WESTLAKE VILLAGE, Calif. - Remember the CBR600F2/3/4? Honda’s middleweight sportbikes earned a solid reputation by combining competitive performance with daily-driver usability.
The mount was capable of everything from daily commuting to fun weekend riding to the occasional trackday. And it wasn’t just Honda, either, as bikes like the Yamaha YZF600R and Kawasaki ZX-6E offered similar all-around performance at reasonable price points.
But racing technology trickled down to the street, and sportbikes got more and more focused, as customers demanded the sharpest, most aggressive machines that money could buy. Soon, track-focused supersports like the YZF-R6 and CBR600RR completely replaced their more broadband siblings on dealership floors.
And although prices have remained remarkably stable for these new machines when adjusted for inflation (a 1999 CBR600F4 retailed for $7,899, or just over $10,900 in today’s money, making the $11,490 MSRP for a CBR600RR look quite reasonable), there’s no denying that the $11,000 to $12,000 MSRPs of a new 600cc supersport bike are out of reach for many young, new riders.
Therefore, to bring back both a do-anything middleweight sportbike and provide a high quality four-cylinder sports option for budget-minded riders, Honda has created the 2014 CBR650F.
The CBR650F is an all-new platform built from the ground-up in Honda’s Thai manufacturing facility. Compared to the standard approach of using a detuned sportbike engine, Honda developed the 649cc inline-four specifically for its new middleweight — the first four-pot Honda engine built in Thailand.
Honda’s engineers tuned the CBR650F powerplant to produce exceptional low-end torque for a middleweight four, with decent pulling power from as low as 4,000 rpm. This low-end flexibility makes the engine easy to manage for less experienced riders, while still providing the high-revving sound, feel and prestige of a four-cylinder compared to twin-cylinder options in the class. The EFI, clutch and transmission all do their jobs as expected from a Honda inline-four middleweight, too.
Holding the new engine is a compact twin-spar steel frame surrounded by high quality bodywork—again, differentiating it from traditional budget-minded middleweight sportbikes. Sportbike-spec wheels and tires mount simple, but very effective, brakes complete with optional ABS. And suspension parts, while rudimentary compared to the cutting-edge components found on a CBR600RR, are plush, balanced, and more than up to the job of commuting and modest sport riding. In particular, the linkage-less rear shock was underwhelming under a heavy rider at speed, but the basic damper-rod front fork offered surprisingly good feedback and wheel control.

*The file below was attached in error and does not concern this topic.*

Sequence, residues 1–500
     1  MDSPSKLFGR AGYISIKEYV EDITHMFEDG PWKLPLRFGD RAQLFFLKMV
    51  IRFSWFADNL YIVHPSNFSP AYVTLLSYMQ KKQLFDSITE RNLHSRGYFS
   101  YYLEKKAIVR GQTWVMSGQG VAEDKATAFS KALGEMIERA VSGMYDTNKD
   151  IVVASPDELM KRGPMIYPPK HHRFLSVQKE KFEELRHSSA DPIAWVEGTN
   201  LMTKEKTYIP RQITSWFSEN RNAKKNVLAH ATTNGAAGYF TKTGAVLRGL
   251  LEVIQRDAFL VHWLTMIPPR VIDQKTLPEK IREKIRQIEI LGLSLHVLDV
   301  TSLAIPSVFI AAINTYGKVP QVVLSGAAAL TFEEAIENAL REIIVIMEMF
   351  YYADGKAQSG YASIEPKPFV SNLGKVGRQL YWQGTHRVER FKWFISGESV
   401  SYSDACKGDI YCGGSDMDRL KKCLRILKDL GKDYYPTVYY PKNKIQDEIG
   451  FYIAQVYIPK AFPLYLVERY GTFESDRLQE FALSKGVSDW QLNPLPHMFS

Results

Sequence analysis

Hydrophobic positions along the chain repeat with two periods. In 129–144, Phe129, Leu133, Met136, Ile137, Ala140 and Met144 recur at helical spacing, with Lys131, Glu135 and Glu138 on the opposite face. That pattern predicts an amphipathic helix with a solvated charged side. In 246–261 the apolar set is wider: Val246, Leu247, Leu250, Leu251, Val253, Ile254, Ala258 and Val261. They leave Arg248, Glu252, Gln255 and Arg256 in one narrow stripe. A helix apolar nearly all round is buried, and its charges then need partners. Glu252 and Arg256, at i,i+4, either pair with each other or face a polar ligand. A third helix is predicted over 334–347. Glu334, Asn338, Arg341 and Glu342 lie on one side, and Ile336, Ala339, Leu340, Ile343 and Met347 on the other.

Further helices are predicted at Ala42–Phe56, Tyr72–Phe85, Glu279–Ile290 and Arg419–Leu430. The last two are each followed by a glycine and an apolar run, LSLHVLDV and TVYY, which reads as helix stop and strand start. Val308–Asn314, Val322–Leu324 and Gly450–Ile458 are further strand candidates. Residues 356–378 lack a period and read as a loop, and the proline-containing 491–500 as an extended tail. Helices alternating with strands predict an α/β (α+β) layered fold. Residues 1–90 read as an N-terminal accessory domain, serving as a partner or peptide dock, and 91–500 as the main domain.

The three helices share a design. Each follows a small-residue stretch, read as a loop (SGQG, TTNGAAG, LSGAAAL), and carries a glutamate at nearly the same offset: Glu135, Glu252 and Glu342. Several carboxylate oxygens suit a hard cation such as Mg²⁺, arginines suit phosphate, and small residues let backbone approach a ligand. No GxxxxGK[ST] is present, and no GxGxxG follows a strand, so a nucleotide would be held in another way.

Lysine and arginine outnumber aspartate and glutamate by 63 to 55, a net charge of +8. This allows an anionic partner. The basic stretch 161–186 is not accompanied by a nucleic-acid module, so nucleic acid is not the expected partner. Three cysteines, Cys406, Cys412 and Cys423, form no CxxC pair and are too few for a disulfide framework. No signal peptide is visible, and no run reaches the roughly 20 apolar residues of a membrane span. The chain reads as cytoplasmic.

In short, the CBR650F is directly channeling much of what made the CBR600F4 such a great all-around package. The 650 is smooth, easy to ride, handles well and looks like an aspirational product, not just a machine a rider is expected to own for a season before moving on.
Of course, Honda does describe the CBR650F as a “mid-sports” product, a machine that bridges the gap between entry-level bikes like the CBR500R and supersports like the CBR-RR. But although the CBR650F doesn’t offer the cutting edge performance that the CBR600F4 did in its day, the new bike retails for $8,499 ($8,999 with ABS), a price that significantly undercuts the F4’s MSRP in both current and 1999-value dollars.
The real question is how well the CBR650F will fair against the established “mid-sport” middleweight options in the market. Compared to the Kawasaki Ninja 650 and the Yamaha FZ6R, the CBR-F offers a significant boost in peak power, but will retail for $800 more than the Yamaha and a full $1000 more than a Ninja 650 ABS when similarly equipped.
Whether the Honda’s combination of torquey four-cylinder performance and classy styling win fans will quickly become apparent with the CBR650F hitting dealerships.